Pine Ridge was favored with delightful weather for her observation of Christmas, day before yesterday.  There was very little snow on the ground but, a clear and cloudless sky.  There was a large attendance of worshippers at the Episcopal Church, the church was handsomely decorated with evergreens.  The services were imposing and interesting.  In the evening there was a Christmas tree from which many beautiful gifts were distributed among the Sunday School children and the older grown.
  Grand services were held also at the Presbyterian chapel and Catholic school-house.
     I am very truly yours,

     The  Dakota Trip.
  Miss Trvine arrived from Pine Ridge Agency, Dakota, Saturday evening. The sick girls stood the journey very well. When she left, Dessie was at the boarding school but expected soon to go to her home about forty miles out.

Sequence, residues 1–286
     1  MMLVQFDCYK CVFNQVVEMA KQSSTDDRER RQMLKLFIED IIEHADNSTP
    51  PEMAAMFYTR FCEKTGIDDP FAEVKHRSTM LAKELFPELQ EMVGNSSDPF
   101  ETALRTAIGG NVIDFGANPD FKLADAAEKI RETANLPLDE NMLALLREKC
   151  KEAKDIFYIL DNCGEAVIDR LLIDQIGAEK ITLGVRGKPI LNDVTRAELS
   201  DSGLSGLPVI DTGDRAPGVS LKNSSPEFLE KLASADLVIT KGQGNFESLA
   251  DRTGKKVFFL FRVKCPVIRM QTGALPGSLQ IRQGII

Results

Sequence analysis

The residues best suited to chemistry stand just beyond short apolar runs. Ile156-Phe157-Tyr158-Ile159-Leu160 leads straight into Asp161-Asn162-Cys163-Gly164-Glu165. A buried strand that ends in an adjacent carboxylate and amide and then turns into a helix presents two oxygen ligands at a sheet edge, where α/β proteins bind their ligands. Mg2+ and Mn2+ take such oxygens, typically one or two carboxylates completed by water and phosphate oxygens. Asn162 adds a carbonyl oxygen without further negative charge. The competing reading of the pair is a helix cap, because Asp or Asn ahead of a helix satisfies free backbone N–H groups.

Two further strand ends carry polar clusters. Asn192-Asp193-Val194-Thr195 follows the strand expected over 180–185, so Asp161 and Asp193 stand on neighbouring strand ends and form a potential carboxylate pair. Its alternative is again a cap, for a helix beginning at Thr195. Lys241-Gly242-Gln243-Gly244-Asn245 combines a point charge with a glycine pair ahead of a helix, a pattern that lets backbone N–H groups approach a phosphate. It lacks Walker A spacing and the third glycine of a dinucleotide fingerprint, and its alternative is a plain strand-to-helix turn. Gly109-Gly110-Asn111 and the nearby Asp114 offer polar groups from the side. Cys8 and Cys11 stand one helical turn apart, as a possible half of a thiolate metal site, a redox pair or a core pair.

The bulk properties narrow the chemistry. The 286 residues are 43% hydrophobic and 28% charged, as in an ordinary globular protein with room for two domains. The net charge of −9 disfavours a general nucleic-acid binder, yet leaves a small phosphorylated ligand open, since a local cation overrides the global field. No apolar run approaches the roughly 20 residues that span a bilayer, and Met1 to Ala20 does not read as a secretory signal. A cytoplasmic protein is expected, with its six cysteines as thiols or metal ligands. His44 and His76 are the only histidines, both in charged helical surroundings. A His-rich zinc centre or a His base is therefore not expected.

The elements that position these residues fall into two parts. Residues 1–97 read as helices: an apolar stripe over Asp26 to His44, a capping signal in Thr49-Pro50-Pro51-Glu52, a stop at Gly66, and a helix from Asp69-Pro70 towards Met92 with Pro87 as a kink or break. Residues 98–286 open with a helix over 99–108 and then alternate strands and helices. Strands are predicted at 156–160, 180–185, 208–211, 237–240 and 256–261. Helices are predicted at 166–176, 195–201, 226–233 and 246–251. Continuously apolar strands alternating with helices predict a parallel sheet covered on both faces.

Miss Irvine saw a number of our returned students.
  Clarence Three Stars was still at the Boarding School as Disciplinarian, and she heard that he was very faithful in the discharge of his duties.
  Frank Twiss is growing stout and is much

interested in his trade which he learned at Carlisle - that of tinner.
  Emma Hand continues to make her home with her brother-in-law, Mr. Kolhoff.
  Edgar Fire Thunder has married one of the Agency boarding school girls, and still holds his position in the blacksmith shop, where he gives full satisfaction.
  Amos is putting up a school house at one of the distant camps.
  Alice Wynn, in spite of the rumor a few weeks ago quite to the contrary, is strong and well.